In our day and age where distance education participation is emerging, new methods of increasing learners' interests are in high demand. The recent development of gamification meets this need, and has captured the attention of not only learners, but also of institutions seeking to increase user participation and retention. Gamification is a trend expected to expand, especially in the use of teaching those with learning disabilities. I, myself, have Attention Deficit Disorder and along with other people experiencing the same issue have reacted positively to courses with gamification elements. Those of us who suffer from ADD or ADHD can get easily distracted from learning, because it can become a monotonous practice of regurgitating the information learned. By adding engaging elements to educational material, gamification significantly helps in capturing the attention of those that have a hard time focusing on learning in a normal setting. Not only is information retention increased, but adding these elements creates a positive association with learning, which is very difficult for those with attention disorders. I believe that in the next few years there will be a need for adding gamification elements to learning for those with various learning disabilities.

Austin L. Meredith

Austin L. Meredith

Position: Training & Development Associate

Company: Digital Management Inc.

Short Bio

Austin Meredith holds a Bachelor’s degree from the University of Maryland, Baltimore County (UMBC) and is currently working on his Master’s degree in Instructional Systems Design with a focus on gamification at the same school.

Austin works at Digital Management Inc., where his duties include administering the entire career and professional development program and Learning Management System. Currently, he is researching the use of gamification elements in designing learning programs for those with disabilities.

What are the most effective uses of Gamification in Learning?

The holy grail of corporate learning is to improve job performance. There are several challenges that make this extraordinarily difficult, including:

  • Are there enough skill application-level exercises and scenarios in the training? Complex skills cannot be assimilated in minutes – it takes hours of practice.
  • Is the training engaging and challenging enough to capture the best efforts of the learner to master the skills?
  • Will the learner develop enough confidence through the training to actually apply the new skills on the job?
  • Is the training followed with the needed reinforcement and coaching to anchor the knowledge or skill?

I’ve been in corporate learning for 25 years and have never witnessed more impactful learning outcomes and performance improvement than those produced by game-based simulations.

We provided online game-based negotiation training to a California-based agency that works with businesses to get their state taxes current. At the conclusion of the training, we conducted a group exercise, where each group was given a case study and was asked to create a solution. According to the training team lead, “The participants were able to apply what they have learned in the game and discuss it with the other students and instructors. This exercise solidified and grounded the training into real life situations that employees may experience, and allowed them to see a new way to approach each scenario”.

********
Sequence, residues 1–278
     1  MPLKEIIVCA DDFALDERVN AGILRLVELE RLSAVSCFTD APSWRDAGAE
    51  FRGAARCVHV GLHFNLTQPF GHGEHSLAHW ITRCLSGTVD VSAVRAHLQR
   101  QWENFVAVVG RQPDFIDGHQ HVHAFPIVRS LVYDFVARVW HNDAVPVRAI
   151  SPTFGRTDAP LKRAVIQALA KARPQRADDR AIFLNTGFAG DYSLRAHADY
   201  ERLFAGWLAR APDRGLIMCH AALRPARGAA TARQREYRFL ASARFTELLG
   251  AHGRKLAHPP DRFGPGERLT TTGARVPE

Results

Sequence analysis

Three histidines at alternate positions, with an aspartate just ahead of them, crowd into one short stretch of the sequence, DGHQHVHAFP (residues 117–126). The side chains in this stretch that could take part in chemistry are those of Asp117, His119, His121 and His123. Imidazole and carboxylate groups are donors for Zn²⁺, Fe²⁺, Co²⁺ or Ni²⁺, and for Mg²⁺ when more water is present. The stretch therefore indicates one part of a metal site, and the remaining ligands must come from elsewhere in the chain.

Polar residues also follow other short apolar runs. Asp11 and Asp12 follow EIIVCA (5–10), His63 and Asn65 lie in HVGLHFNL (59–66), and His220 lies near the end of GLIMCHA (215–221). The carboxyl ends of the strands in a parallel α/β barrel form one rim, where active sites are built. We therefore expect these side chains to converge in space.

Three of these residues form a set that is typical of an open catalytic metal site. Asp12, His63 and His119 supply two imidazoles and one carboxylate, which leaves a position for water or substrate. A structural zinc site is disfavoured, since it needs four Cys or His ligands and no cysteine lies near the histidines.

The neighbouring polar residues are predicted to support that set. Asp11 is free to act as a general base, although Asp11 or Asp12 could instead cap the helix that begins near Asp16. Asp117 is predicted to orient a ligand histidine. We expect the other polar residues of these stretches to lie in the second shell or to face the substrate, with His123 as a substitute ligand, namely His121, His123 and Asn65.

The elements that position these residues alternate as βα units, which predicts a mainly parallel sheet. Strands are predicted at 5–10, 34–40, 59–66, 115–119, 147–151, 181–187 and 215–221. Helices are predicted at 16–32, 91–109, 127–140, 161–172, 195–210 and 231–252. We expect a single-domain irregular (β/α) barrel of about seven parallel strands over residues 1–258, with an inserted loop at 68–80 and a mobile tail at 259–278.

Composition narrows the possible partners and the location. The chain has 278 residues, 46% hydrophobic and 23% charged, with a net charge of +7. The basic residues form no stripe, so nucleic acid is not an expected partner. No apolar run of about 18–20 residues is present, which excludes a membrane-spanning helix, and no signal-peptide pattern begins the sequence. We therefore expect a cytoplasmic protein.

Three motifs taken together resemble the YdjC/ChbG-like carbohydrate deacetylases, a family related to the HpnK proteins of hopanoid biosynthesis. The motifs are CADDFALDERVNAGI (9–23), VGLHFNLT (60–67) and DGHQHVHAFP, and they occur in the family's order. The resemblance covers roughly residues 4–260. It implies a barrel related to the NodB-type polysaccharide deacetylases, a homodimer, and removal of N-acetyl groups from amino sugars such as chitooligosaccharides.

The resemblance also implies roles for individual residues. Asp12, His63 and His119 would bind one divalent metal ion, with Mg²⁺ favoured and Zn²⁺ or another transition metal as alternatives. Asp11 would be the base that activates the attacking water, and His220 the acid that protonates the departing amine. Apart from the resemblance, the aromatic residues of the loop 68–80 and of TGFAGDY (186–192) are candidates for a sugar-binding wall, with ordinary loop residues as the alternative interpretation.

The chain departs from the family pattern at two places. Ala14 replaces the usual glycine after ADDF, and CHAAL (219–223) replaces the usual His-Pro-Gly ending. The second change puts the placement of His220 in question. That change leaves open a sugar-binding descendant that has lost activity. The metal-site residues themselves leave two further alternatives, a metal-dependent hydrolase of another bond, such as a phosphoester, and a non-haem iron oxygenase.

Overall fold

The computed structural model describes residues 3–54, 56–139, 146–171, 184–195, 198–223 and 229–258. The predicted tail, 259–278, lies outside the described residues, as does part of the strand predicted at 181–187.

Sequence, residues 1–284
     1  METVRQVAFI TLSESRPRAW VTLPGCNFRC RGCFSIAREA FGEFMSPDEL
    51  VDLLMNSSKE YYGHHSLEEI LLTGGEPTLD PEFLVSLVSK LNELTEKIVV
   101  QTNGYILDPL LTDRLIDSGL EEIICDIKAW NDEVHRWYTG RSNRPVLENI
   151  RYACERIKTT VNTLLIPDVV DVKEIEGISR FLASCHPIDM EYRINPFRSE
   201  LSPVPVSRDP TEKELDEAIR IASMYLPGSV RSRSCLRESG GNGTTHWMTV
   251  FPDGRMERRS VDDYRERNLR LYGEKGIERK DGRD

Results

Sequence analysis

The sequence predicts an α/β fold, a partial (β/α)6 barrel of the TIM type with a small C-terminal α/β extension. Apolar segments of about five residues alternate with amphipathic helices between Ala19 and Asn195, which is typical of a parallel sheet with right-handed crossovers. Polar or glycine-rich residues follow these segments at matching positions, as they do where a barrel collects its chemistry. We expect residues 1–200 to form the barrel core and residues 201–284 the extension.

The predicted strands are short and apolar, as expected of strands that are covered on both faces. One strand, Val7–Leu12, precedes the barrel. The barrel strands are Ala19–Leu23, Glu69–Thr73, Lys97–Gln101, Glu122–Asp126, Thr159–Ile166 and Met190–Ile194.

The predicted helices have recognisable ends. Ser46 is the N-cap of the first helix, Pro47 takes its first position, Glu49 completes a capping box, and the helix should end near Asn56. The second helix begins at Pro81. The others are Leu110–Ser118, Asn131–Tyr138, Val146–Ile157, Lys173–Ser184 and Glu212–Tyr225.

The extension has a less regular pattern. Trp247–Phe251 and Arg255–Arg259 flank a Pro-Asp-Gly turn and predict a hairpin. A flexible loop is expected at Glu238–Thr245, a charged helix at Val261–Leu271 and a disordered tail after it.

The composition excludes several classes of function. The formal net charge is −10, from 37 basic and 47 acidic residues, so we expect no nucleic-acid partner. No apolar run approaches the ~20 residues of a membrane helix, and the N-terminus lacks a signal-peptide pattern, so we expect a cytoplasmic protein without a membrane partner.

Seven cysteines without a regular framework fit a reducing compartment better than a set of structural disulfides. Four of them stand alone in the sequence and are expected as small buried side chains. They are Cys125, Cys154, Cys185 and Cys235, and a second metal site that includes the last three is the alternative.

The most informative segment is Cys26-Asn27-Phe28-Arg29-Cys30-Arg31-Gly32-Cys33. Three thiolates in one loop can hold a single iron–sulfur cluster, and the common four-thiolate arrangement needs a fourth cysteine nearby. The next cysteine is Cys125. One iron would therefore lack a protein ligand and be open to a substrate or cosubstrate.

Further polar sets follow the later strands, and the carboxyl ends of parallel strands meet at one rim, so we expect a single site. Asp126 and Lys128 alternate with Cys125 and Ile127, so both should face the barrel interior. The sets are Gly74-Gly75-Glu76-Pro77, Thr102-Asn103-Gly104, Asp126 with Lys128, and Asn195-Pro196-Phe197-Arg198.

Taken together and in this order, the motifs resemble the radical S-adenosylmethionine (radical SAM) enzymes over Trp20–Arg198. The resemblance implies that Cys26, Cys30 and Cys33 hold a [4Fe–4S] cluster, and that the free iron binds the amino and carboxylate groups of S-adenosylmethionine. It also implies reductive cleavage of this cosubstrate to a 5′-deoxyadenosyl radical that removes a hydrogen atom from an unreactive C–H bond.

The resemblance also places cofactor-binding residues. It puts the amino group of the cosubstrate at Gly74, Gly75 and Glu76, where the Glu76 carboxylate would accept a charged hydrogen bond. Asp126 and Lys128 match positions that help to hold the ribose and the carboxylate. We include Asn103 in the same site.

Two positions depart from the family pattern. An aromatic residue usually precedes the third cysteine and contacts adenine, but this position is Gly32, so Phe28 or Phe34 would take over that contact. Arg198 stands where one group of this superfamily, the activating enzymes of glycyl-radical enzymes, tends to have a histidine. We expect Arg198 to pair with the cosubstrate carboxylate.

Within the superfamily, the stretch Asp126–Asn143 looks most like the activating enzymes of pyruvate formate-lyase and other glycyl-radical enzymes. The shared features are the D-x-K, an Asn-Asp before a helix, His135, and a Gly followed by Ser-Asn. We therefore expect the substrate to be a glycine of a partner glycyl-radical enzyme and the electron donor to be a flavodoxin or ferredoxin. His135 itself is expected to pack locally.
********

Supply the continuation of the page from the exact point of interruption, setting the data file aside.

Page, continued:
“I saw a difference in how the pilot group approached a scenario, applied techniques that were clearly learned from the course, and came up with win-win situations for both the agency and the public.”

From a learning transference perspective, the training lead is impressed with the performance impact of the game. “Several weeks after the training, I received responses from several participants. Each said they selected cases other employees were unable to resolve, and using the techniques taught in the game, they approached the cases from an entirely new perspective. They worked with the business owner to negotiate a solution that allowed the taxpayer to resolve their issues, and the state to clear the account. In all cases, the taxpayer expressed satisfaction with the outcome”.

Bryan Austin

Bryan Austin

Position: Chief Game Changer

Company: Game On! Learning

Short Bio

Bryan Austin is the Founder and “Chief Game Changer” of Game On! Learning. Throughout his 25-year career with leading organizations like SkillSoft, NETg and Kaplan, Bryan has dedicated himself to helping organizations develop high performing employees through innovative learning solutions. A hallmark of Bryan’s approach is his keen ability to think outside the box and create engaging, skills-based learning experiences that accelerate employee growth and productivity.

The fusion of technology and learning has always captivated Bryan, and he has led companies that provide cutting-edge, technology-delivered learning solutions to medium, large, and global companies. For Bryan, it has been fascinating to be a part of the evolution of corporate learning and development.

What are the most effective uses of Gamification in Learning?

Gamification can shift the motivation for learning from extrinsic to intrinsic. Games are a way to experience the world in ways not possible in reality and thus tap into a natural learning process and enjoyment. In education, gamification can create learning environments that condense the learning time of key ideas and allow students the possibility to explore concepts while enhancing the natural intrinsic motivation of learning. This interaction with a simulated environment leads to a higher level of engagement.